After reading through Augustine's Confessions recently, I noticed that one of the major hang-ups he had in fully embracing Christianity was a difficulty in believing the "stories" in Genesis. It was a common belief among the intellectual elite of that age (as is certainly, and more severely, the case in our own time) that the Biblical account of creation was simply ridiculous and illogical. There is a lot of evidence that Augustine struggled with the creation account for much of his life, and this article helps to illuminate the results of that struggle - a view on creation that I found very interesting, especially in light of the fact that Darwin's theory of evolution was still more than a millenium away.
I've done quite a bit of study relating to the various current views on the creation narrative, and have become much more open to alternatives to the Young Earth Creationism that I have always embraced. For one thing, many other men who have my utmost respect, and who are very orthodox in their theology, have also shown a willingness to accept the idea that the literal, six 24 hour day creation account may not be the only Biblically accurate interpretation. My own reading of the Genesis account has also led me to be willing to entertain the idea that the six "days" may or may not have been literal 24 hour periods (also known as the "Day-Age Theory").
One thing that I think is very important in this line of thinking is that it was not science that led me to this belief. In other words, I am not trying to fit the Bible into a man-made box by trying to explain the creation account based on what man's current "knowledge" about science tells us. The earth very well may be billions of years old - I don't know. I also do not believe that our current system of carbon dating is as reliable as some "experts" would have us believe. It's important to make the distinction that it is my reading of Scripture, and my study of other respected individuals' writings on the subject of the original language, that has led me to my current postion.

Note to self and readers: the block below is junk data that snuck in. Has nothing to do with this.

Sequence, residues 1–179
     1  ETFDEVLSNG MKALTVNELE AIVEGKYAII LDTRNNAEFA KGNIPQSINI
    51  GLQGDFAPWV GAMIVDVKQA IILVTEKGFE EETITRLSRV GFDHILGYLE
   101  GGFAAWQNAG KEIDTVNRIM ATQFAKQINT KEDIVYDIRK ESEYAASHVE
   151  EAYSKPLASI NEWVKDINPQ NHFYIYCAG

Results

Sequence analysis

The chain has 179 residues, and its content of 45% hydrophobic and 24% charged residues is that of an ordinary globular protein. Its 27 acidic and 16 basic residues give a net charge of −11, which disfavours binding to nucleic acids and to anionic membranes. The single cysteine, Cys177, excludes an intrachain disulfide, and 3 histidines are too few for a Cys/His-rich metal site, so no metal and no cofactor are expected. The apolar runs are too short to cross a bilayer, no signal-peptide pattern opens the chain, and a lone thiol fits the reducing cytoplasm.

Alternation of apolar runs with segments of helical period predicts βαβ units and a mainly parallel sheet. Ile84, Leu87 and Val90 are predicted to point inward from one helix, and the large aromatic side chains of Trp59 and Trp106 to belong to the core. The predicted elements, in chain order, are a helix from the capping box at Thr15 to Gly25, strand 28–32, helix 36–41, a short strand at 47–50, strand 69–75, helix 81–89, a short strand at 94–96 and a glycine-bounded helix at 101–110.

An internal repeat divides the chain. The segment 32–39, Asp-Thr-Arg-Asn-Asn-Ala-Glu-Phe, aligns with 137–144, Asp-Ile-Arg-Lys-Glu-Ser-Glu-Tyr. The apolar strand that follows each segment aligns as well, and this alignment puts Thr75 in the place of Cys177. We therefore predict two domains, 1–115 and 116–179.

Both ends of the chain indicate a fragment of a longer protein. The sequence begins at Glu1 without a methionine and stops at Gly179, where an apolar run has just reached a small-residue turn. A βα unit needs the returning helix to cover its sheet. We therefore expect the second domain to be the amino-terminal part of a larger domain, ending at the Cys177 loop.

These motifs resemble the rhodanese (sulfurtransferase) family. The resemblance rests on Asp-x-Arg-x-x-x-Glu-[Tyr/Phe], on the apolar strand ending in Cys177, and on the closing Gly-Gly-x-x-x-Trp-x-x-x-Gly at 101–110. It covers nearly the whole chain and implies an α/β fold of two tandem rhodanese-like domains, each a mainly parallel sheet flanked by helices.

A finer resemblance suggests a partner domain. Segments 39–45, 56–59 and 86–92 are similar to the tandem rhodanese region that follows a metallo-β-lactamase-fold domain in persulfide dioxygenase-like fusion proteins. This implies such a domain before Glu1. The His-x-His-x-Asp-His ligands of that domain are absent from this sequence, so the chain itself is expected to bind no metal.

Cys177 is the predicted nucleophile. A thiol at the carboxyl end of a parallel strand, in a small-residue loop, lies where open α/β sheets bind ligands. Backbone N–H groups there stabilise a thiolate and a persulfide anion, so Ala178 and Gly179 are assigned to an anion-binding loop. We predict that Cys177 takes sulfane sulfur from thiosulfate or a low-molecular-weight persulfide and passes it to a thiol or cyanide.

This is not how I usually work. My default position on Scripture is to interpret what I read in the most simple and literal terms, but also in the context of the rest of the Bible. I usually fall back on the idea that we are much safer erring on the side of caution, and not leaving the Bible open to erroneous views that are based only on manmade (hence, flawed and limited) ideas. I firmly believe that the accounts in the Old Testament - all the stories told to me in my childhood about Jonah, Joshua, Moses, and others - are descriptive of real life events that actually happened in time and space. So it's a pretty big leap for me to be willing to say, in a way, that the account in Genesis is, just maybe, not to be taken literally.
So does this mean that I'm stepping outside of long-held orthodox belief. Well, not necessarily. Upon reading this article about Augustine's views on the subject, I find myself encouraged by the fact that he drew some of the same conclusions from Scripture.
Augustine draws out the following core themes: God brought everything into existence in a single moment of creation. Yet the created order is not static. God endowed it with the capacity to develop. Augustine uses the image of a dormant seed to help his readers grasp this point. God creates seeds, which will grow and develop at the right time. Using more technical language, Augustine asks his readers to think of the created order as containing divinely embedded causalities that emerge or evolve at a later stage. Yet Augustine has no time for any notion of random or arbitrary changes within creation. The development of God's creation is always subject to God's sovereign providence. The God who planted the seeds at the moment of creation also governs and directs the time and place of their growth.Now Augustine is certianly not the only source of knowledge on this subject, and he could very easily be totally wrong. But, I find it very encouraging that he struggled with these very same issues, and that he was willing to admit this uncertainty. Just to be clear, I still believe in the historicity of God's creation of the earth and everything in it - including, as is discussed elsewhere in the article, God's creation of time itself - as well as the real events of The Fall, the flood, and the other events described in Genesis. You certainly won't find me writing here about my belief that the story of Adam and Eve is really just a parable, meant to warn us of our tendencies to stray from God. I just find myself more open to a slightly different translation of the description of a series of events that are well beyond our ability to comprehend.